I did write more about the historical background in earlier drafts of the script and there were also more characters, but all these were eventually taken out because I wanted to focus on the mother. Anything that did not serve this central character was removed. Even during the episode in which her son comes out as a homosexual, there isn’t that much emphasis placed upon the opinions of the son, for at the end of the day, I wanted to go back to the mother, her reactions and her feelings.
Q: Can you elaborate on the process through which you excavated the memories from your mother?
OF: Heng Leun, the director, and I asked her many questions over two major interview sessions which lasted hours. I also read through all the letters my parents exchanged when my father was in prison in Muar, which took an entire week.
Q: How open was your mother throughout this process?
OF: Well, she didn’t say no to any question and shared what she was asked to share. But as always, we have to take it with a pinch of salt. Despite what she said, we have to acknowledge that it’s just one point of view.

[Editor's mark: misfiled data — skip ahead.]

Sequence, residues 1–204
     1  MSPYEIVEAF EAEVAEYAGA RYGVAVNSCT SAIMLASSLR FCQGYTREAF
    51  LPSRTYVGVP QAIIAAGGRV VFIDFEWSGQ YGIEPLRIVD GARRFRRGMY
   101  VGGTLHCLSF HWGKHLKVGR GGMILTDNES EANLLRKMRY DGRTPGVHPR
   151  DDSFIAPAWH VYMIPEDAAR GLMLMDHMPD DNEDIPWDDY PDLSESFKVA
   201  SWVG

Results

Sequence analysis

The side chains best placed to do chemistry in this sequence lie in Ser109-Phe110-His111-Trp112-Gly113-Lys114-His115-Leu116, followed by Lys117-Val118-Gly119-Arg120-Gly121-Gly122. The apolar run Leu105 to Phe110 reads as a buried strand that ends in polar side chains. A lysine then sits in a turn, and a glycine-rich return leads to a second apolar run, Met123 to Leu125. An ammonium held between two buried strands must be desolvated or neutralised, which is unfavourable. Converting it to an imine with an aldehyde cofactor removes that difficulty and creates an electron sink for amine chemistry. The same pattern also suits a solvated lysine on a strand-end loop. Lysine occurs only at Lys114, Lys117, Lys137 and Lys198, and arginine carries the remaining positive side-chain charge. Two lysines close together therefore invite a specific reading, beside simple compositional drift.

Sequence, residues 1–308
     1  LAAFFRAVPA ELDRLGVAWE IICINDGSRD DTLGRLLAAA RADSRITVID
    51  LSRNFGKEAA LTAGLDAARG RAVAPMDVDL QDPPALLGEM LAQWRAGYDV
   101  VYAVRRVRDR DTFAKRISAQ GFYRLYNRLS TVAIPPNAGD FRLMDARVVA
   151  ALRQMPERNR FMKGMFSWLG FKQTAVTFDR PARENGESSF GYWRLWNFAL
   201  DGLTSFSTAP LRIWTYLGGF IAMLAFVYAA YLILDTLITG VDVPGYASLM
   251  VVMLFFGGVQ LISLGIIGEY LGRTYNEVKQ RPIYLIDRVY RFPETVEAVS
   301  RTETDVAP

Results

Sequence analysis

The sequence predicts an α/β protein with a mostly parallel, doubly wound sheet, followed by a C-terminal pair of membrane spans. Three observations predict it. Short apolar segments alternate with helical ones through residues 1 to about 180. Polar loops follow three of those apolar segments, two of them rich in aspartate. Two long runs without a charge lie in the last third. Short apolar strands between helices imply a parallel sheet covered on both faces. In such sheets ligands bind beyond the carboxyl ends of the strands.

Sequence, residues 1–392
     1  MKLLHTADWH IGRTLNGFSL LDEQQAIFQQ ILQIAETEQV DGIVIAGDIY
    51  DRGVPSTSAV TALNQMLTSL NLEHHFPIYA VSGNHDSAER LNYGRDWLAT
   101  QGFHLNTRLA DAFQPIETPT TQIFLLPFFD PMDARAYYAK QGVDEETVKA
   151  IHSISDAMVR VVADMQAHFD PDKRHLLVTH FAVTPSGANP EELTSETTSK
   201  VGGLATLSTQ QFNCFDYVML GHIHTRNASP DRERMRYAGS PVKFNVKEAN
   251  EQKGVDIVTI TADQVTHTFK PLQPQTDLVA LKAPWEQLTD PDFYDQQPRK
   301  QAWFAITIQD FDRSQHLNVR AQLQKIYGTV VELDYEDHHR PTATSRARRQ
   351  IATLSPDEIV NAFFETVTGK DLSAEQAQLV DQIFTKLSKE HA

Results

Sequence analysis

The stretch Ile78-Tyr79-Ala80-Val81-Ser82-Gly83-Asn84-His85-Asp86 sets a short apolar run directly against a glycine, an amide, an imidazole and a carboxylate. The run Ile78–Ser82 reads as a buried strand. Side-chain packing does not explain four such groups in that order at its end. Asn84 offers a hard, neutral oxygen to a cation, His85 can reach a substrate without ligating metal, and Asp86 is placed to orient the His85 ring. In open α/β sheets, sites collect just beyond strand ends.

Q: Do you believe that the experiences your mother went through are representative of those of other women who were also living through that era?
OF: I believe so. Women of that era, in general, were really required to stand behind their husbands and play the supportive role. This was true even for the well-educated women in the upper class. Many of these women were kept out of politics, because their husbands decided that it would be an all-men affair. The women, despite their statuses and backgrounds, were required to be shadows of their husbands. Even if you look at someone like Mrs Lee Kuan Yew, you can see that her decisions were mostly made through her husband.